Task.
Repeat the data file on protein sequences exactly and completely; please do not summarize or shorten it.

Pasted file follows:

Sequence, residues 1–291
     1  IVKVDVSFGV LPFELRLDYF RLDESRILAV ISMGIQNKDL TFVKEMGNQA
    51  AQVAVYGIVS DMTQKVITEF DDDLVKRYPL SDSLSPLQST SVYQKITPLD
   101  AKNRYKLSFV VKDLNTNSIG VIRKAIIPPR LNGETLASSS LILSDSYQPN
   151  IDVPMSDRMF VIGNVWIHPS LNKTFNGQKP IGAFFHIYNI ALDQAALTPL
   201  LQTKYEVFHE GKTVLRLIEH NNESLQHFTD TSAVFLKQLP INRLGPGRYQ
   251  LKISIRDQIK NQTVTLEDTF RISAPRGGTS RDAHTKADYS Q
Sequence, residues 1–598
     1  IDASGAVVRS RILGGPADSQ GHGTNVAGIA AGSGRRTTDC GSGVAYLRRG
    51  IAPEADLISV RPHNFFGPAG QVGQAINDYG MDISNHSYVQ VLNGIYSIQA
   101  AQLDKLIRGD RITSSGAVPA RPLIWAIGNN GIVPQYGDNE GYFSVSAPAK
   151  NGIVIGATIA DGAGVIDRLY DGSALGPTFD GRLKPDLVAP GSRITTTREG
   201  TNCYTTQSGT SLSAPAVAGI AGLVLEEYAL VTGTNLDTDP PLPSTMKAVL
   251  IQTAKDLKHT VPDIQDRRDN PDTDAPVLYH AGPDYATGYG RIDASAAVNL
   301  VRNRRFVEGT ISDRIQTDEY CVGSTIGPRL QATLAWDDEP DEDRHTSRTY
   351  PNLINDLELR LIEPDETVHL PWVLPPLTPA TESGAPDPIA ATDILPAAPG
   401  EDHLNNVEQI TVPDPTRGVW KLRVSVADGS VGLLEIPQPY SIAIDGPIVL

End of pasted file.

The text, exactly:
Sequence, residues 1–291
     1  IVKVDVSFGV LPFELRLDYF RLDESRILAV ISMGIQNKDL TFVKEMGNQA
    51  AQVAVYGIVS DMTQKVITEF DDDLVKRYPL SDSLSPLQST SVYQKITPLD
   101  AKNRYKLSFV VKDLNTNSIG VIRKAIIPPR LNGETLASSS LILSDSYQPN
   151  IDVPMSDRMF VIGNVWIHPS LNKTFNGQKP IGAFFHIYNI ALDQAALTPL
   201  LQTKYEVFHE GKTVLRLIEH NNESLQHFTD TSAVFLKQLP INRLGPGRYQ
   251  LKISIRDQIK NQTVTLEDTF RISAPRGGTS RDAHTKADYS Q
Sequence, residues 1–598
     1  IDASGAVVRS RILGGPADSQ GHGTNVAGIA AGSGRRTTDC GSGVAYLRRG
    51  IAPEADLISV RPHNFFGPAG QVGQAINDYG MDISNHSYVQ VLNGIYSIQA
   101  AQLDKLIRGD RITSSGAVPA RPLIWAIGNN GIVPQYGDNE GYFSVSAPAK
   151  NGIVIGATIA DGAGVIDRLY DGSALGPTFD GRLKPDLVAP GSRITTTREG
   201  TNCYTTQSGT SLSAPAVAGI AGLVLEEYAL VTGTNLDTDP PLPSTMKAVL
   251  IQTAKDLKHT VPDIQDRRDN PDTDAPVLYH AGPDYATGYG RIDASAAVNL
   301  VRNRRFVEGT ISDRIQTDEY CVGSTIGPRL QATLAWDDEP DEDRHTSRTY
   351  PNLINDLELR LIEPDETVHL PWVLPPLTPA TESGAPDPIA ATDILPAAPG
   401  EDHLNNVEQI TVPDPTRGVW KLRVSVADGS VGLLEIPQPY SIAIDGPIVL